is the difference in the threat and the way that it has to be addressed in the baltic sea. the north atlantic is wide open, there are some exploitable choke points. nato used this to its advantage in years past. it's unclear how much this is going to be able to be used to their advantage today simply because of increases in russian capabilities which i will touch on in a little more detail later on. in the baltic sea it's really a very very difficult environment for one to conduct any submarine operations. it's shallow, it's confined. for those that operate small sub ma reins, there are many place to hide, lots of unexploded ordinates left over from world war ii and the cold war. during the most recent exercise there were reports of some of the demining units actually finding world war ii mines buried 10 feet down in the mud.
it's clearly a challenging area to operate in. and it's something that's going to have to be -- that difference between the two basins is something that needs to be remembered and respected. so what do we think the russians are up to? there's a host of activities that have been -- that we view are concerning. probably the most widely reported was the territorial -- believed to be territorial violation conducted by what most people think is a russian submarine in sweden in october 2014. there are reports that were released by the swedish ministry of defense that shows looks to be a periscope. they spent a week looking for the submarine and there was no public statement saying this is what it was, this is what we found. but again enough historical
antecedents that we're certain it was a russian sub. and then also alarmingly for our close friends if the uk, russian submarines have been reported to be operating in close proximity to the home of the nuclear de r deterrent. those are particularly concerning because of anti-submarine war craft has none of that capability. they were forced to reach out to their allies in nato to sort of say hey, we need this, get it in and start looking if are the submarines. some important things to remember about these sort of activities. in many ways russia is returning to its normal course of operations during the cold war. so what we perceive now as aggressive is really more of a return to what normalcy was. and that was one of the core things that we found in the study. there's a pretty big gap in how we perceive the activities and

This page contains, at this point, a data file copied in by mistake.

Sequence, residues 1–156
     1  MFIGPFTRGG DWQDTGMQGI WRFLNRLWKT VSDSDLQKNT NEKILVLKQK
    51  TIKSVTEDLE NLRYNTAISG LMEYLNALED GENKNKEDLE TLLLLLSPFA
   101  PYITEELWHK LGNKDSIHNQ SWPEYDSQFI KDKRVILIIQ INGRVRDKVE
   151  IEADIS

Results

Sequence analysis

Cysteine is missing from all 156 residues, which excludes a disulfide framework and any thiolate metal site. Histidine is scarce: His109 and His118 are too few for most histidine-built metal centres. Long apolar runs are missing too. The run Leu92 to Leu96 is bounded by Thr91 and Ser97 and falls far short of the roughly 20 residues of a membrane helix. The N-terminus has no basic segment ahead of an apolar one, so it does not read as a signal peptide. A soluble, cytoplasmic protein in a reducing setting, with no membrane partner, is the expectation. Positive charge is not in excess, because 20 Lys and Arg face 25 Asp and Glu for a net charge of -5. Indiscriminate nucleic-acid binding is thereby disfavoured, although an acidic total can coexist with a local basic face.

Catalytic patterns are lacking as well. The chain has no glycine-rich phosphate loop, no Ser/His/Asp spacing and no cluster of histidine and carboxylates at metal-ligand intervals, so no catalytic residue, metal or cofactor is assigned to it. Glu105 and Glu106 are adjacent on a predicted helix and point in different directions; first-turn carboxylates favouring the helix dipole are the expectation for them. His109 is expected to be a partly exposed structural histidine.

what's actually going on in reality. that's not the say there aren't places where russia is actually carrying out aggressive activities. territorial violations in sweden and finland, activities in undersea cables, blocking of the laying of undersea cables, under sea cable in the baltic sea are clearly provocative. what this all sort of shows us is that russia is using its undersea capabilities is part of what we perceive to be a coercive campaign aimed at allies and partners in europe and also what these have shown is there's a current lack of asw capability and capacity amongst partners in the region. so this is sort of a snapshot of the russian navy today, looking specifically at its submarine
fleet. the russian submarine fleet is considerably smaller than it was in the late 1980s and early 1990s. there were 240 submarines at the end of the cold war. there are roughly 56 in the russian fleet. looking at the russian fleet is always a challengie ining thingo simply because it's unclear what is and is not operational in the fleet. so what russia claims is often not what it actually can put to sea. that said, russia has been overhauling all of its modern core of attack submarines. diesel powered submarines. that core force is very capable, well trained and very proficient in undersea warfare. on the material side, there's a new generation of russian submarines coming out, a new blas tick missile submarine, a new attack submarine.
from what we can tell from the open source reporting, they're fantastic submarines. however there aren't many of them and they're subject to extremely difficult procurement processes and it's unclear how many of them russia will be able to afford going forward. this is -- i briefly want to talk about something that isn't talked about at lot. and it's the russian auxiliary submarine force. russia operates a small number of very small nuclear powered submarines that are capable of diving, believed to be in excess of several thousand meters. the u.s. used to operate a submarine like this, it was called nr 1. i was a small deep sub mer jens vessel used for research and other tasks. we don't operate it anymore. it was old. it had to be replaced. the difference being is that the russians in their ingenuity
figured out a way to make a deep convergence vehicle with the submarine, which is what the graphic shows here, one can only -- if one puts their imagination to it, you can imagine what a clandestine deemployable deep sub mer jens vehicle can be used for and it's scary when you think about the types of missions that it could be used for. this is something important to highlight. it's probably the most shadowy part of the russian undersea ap ra tut. it's not operated we the navy. but when you take a look at it, it's something that someone has to keep in the back of their mind. where do we think the russian navy is going? there are clear challenges. the sanctions that are a result of their activities in the u careen have hurt them, especially in terms of their ability to procure western electronics, machine tooling is